Since, however, I have so long admired and respected Krishnamurti, I give serious attention to his accusations. Particularly do I give attention to his use of the word "exploiters" in connection with such people as Madame Blavatsky, Colonel Olcott, Dr. Besant, C. W. Leadbeater and their successors. I have looked at these people with unbiassed eyes. I have watched closely for any signs whatever of self-seeking and "exploitation" in the conduct of their lives and in their relations with their fellowmen, especially with those who have felt most intimately drawn to them. Dispassionately and with every opportunity of knowing the facts, with Krishnamurti's arraignment before me, I have presumed to judge The Theosophical Society, its founders, its leaders and all those tens of thousands who love and serve under them. I give my verdict unhesitatingly.

It is: "Not Guilty."

I believe that these people are working for one object only – to bring to the world the realisation of the fact of the Brotherhood of Man and the other sublime teachings of the Ancient Wisdom.

Furthermore, I affirm that in spite of the difficulties which certain of Krishnamurti's teachings create, in spite of the vituperative attacks of one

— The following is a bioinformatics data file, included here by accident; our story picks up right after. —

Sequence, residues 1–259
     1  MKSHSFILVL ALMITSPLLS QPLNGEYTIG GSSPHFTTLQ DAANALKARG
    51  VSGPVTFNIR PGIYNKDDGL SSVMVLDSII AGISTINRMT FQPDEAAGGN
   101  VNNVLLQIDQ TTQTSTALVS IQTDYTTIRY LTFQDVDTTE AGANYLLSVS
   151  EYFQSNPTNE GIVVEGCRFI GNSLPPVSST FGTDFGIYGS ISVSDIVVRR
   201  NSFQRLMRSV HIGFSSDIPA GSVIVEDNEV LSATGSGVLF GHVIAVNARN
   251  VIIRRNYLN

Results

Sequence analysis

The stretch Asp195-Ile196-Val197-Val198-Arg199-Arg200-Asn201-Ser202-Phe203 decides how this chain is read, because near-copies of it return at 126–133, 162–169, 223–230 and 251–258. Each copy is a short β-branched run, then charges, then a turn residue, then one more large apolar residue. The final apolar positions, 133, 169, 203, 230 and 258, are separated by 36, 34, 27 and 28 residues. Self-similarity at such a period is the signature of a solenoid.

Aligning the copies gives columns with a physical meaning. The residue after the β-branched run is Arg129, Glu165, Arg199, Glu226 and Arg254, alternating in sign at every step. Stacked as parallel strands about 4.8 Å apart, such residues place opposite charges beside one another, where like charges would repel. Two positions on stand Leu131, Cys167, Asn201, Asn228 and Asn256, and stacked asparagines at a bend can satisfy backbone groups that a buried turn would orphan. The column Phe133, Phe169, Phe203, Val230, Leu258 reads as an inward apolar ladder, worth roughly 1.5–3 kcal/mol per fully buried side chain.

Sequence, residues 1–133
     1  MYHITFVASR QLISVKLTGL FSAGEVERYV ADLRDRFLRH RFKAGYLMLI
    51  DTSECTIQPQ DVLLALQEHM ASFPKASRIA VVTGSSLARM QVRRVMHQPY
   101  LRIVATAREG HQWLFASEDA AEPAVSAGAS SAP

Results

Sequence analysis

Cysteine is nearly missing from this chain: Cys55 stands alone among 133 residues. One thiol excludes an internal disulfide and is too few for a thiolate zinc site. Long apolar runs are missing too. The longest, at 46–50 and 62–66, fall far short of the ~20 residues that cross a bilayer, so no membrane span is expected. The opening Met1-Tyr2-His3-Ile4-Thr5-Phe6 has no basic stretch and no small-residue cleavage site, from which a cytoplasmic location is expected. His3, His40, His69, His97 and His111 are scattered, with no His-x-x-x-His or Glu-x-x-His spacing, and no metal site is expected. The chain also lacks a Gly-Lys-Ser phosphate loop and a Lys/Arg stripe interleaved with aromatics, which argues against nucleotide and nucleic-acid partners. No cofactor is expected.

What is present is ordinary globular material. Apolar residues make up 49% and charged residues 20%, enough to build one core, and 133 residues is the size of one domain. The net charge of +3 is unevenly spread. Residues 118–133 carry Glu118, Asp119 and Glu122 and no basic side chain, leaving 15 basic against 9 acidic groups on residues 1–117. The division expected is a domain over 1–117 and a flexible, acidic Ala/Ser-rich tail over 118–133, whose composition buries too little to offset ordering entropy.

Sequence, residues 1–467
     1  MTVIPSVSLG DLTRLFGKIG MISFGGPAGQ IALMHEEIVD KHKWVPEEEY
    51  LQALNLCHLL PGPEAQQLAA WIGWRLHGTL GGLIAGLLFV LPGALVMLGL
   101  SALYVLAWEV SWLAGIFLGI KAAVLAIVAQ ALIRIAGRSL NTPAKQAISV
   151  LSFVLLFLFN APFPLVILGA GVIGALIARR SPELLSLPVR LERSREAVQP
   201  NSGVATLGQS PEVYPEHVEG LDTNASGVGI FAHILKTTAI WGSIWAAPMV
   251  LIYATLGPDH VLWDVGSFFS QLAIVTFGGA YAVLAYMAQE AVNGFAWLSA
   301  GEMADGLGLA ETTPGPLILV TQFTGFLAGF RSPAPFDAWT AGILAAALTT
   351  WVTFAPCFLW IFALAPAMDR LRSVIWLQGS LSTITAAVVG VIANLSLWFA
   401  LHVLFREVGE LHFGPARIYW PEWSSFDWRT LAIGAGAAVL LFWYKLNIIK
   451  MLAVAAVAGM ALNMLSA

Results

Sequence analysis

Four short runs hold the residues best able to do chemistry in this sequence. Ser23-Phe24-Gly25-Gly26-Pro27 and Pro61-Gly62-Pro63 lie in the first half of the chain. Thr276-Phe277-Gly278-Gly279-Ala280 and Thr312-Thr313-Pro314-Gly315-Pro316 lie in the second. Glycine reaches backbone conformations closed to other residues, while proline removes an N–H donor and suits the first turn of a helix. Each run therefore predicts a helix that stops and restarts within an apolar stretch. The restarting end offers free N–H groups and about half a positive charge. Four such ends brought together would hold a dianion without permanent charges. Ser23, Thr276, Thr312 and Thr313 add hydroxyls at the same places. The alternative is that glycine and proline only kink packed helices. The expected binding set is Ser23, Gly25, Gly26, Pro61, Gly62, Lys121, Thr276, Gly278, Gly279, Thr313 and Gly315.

who has been much beloved by them, they are succeeding.

A study of modern thought, scientific, philosophic and spiritual, demonstrates unmistakably that the sixty-four years of work of The Theosophical Society in promulgating these truths is bearing fruit. Happily the mind of modern man is gradually – all too gradually, but quite definitely – becoming theosophised. And in this lies the hope and the safety of the world in the face of the threat of cataclysmic war.

Historians of the future will, I feel sure, see in this relatively small Society of ours a movement of immense significance for the whole of humanity. Further I affirm that anyone who denies this can only do so because they have neither realised the true work of The Theosophical Society nor gained any due comprehension through study of the sublime teachings of Theosophy.







Copyright © 2001 - G.W. Schüller